The New York Times travel section has a fantastic piece on German beer culture. German beer is fantastic – almost invariably – but it can be frustrating to go to cities hundreds of miles apart and find that the menus have the same four styles: helles, pils, dunkel and wheat beer. Where have all the local speciality styles gone, asks Evan Rail?
“It happened very quickly,” said Ron Pattinson, whose European Beer Guide lists many obsolete and rare German beers, including broyhan from Hannover, mumme from Braunschweig and keut from Münster. “The older styles were overwhelmed, and what we’ve got left are just the odd remnants of beers. It’s like a landscape that has been swamped, and you can just make out the odd tree and hilltop.”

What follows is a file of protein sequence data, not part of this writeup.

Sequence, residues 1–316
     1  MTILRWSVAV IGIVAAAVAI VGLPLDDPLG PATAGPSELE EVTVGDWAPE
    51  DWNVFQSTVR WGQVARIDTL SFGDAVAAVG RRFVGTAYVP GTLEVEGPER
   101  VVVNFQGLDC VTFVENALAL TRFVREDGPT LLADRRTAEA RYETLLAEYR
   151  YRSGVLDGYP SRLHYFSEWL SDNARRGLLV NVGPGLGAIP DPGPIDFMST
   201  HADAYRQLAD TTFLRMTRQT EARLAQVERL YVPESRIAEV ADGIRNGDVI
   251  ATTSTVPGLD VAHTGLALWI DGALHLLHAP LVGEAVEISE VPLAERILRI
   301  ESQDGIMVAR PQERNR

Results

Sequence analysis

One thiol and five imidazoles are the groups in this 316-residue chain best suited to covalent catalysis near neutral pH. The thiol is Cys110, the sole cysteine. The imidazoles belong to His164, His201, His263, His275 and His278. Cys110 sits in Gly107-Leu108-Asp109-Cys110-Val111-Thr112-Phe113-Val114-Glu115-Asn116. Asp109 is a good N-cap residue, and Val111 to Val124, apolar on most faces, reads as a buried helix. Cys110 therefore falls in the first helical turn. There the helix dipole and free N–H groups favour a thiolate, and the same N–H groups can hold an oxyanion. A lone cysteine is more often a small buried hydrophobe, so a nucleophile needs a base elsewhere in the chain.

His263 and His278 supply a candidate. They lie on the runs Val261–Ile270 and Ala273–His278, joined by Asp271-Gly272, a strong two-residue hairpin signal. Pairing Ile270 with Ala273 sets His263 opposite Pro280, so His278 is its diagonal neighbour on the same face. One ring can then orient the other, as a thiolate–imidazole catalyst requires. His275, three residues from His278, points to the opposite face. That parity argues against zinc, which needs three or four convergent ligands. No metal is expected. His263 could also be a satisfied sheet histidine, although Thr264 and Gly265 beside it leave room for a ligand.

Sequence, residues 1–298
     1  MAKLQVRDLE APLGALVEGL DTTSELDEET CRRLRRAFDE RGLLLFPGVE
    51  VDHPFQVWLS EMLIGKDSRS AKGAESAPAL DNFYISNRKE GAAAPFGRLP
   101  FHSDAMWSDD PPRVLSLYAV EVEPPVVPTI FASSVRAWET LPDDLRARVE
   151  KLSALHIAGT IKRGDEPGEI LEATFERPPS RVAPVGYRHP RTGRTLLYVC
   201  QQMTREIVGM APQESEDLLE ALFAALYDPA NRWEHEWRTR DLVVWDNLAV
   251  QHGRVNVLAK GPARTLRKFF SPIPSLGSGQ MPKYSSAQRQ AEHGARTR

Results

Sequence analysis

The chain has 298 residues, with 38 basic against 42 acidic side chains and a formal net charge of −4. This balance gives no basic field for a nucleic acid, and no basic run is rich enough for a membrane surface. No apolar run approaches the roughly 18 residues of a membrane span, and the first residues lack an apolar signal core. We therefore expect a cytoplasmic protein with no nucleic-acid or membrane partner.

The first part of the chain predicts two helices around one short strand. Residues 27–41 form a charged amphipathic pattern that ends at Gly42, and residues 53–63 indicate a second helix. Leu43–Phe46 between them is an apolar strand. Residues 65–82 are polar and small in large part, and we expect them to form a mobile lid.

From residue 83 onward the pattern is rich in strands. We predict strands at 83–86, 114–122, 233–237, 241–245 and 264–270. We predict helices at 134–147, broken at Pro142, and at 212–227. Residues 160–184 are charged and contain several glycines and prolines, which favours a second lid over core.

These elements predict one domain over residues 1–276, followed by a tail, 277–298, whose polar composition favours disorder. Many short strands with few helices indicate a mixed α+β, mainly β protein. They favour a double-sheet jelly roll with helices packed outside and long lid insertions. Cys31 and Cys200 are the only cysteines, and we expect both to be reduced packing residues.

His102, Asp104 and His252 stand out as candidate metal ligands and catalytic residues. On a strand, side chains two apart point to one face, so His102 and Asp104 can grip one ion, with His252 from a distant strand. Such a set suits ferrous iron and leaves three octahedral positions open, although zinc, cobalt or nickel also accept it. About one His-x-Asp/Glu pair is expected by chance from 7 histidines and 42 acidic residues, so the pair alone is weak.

Rail hunts down the remnants of local German beer styles, including Leipzig’s Gose:
The Gose was amazing, with a mild taste of salt immediately noticeable in its thick, mousse-like head. Its body was light and slightly spicy followed by a remarkably bright finish, more crisp than the most crisp riesling, sharper than the sharpest Chablis, and a better match for tricky citrus and vinaigrette than any wine I’d ever encountered.
Now that’s what I call writing.